R set to 0 when there is no routing to be made and set to 1 when routing is necessary because it is the first frame of a flow of data,

C is set to 0 for a data frame and set to 1 for a control frame.

FIG. 4 represents an input interface such as port interface 32 (or 34) or trunk interface 36 (or 38) of FIG. 2, where the data frames are received from an external link, and FIG. 5 is a flow chart of the processing steps performed in the input interface.

The frames are first processed by Low Layer Interface 44 wherein they are extracted (step 60) from the lower layers 1 (physical layer) and 2 (e.g. ATM or frame relay). The layer 3 protocol is then identified (step 62) in Protocol Label Identification Unit 46. Thus, some fields of the frame header are checked to identify the kind of flow to which it belongs. This can be made by looking at the flow identification of the frame (if any) or at various fields including the originating and the destination address. This process involves to look up in an Input Table 48 and allows to determine (step 64) whether the data frame belongs to a known flow or to a new flow.

A switch header having the format illustrated in FIG. 3 is then added to the data frame by Input Table 48 which had been previously stored in Buffer 50 by Protocol Identification 46. Either it is a new flow of data and the added switch header will contain a new free label (step 66) used as a temporary label or it is a known flow of data and the added switch header will contain the label found in Input Table 48 by the lookup process (step 68), this label being called switching label. The data frame with its switch header is then forwarded via Multiplexer 52 to Switch Engine 40. The latter transmits the data frame either to router interface (step 70) or to the output port/trunk interface (step 72), this destination being defined by the destination Id field of the switch header added to the data frame.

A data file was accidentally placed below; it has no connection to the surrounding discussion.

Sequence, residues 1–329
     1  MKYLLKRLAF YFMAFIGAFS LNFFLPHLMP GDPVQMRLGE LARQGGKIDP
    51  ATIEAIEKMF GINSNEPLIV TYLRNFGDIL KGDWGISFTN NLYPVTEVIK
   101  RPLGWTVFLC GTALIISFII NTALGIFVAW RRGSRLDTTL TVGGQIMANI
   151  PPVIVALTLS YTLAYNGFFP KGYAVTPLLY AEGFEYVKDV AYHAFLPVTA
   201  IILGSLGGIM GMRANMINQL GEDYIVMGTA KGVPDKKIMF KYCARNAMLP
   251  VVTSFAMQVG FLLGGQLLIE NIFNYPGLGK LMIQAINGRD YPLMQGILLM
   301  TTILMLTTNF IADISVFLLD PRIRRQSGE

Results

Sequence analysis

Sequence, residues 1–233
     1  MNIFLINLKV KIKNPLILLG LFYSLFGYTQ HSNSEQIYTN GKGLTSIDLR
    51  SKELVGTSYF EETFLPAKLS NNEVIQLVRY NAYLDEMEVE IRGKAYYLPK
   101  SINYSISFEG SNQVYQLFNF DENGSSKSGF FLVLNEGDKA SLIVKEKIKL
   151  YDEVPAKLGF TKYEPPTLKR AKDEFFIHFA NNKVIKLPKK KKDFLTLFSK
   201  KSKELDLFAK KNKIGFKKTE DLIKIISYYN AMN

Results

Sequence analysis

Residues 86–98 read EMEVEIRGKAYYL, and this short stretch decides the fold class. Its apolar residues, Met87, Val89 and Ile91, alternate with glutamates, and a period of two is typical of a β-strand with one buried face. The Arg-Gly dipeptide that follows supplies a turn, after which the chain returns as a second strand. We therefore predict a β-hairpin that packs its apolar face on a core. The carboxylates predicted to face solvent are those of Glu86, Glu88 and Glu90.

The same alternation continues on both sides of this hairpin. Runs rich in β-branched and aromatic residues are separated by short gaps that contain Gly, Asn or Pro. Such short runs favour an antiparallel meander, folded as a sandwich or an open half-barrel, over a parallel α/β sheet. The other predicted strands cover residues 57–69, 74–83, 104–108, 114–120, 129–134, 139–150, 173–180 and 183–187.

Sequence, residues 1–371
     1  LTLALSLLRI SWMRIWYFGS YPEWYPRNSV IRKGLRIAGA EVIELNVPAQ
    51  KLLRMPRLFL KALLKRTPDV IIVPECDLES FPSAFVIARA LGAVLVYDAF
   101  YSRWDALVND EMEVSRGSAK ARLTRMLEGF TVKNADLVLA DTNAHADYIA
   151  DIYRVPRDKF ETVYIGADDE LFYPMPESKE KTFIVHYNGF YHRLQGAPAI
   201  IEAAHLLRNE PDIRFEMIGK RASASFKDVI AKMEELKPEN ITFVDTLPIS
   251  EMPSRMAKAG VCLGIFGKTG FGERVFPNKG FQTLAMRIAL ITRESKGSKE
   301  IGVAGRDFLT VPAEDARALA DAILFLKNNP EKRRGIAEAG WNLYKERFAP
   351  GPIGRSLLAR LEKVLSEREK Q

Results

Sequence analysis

Port interface 32 also includes a Table Update unit 54 receiving update messages from Switch Engine 40, such messages containing a switching label for a flow of data and information about the destination output port/trunk that should be stored in Input Table 48 to identify a new switched flow of data in order to switch the next frames of this flow directly to the output port/trunk. After decoding of the update message, Table Update unit 54 sends it to Control unit 56 which updates Input Table 48. Note that further to the input table updating, Control unit 56 also sends a message to Router Interface 42 (see FIG. 2) via Multiplexer 52 and Switch Engine 40 in order to clear the field which was set during an input header buffer as explained hereafter.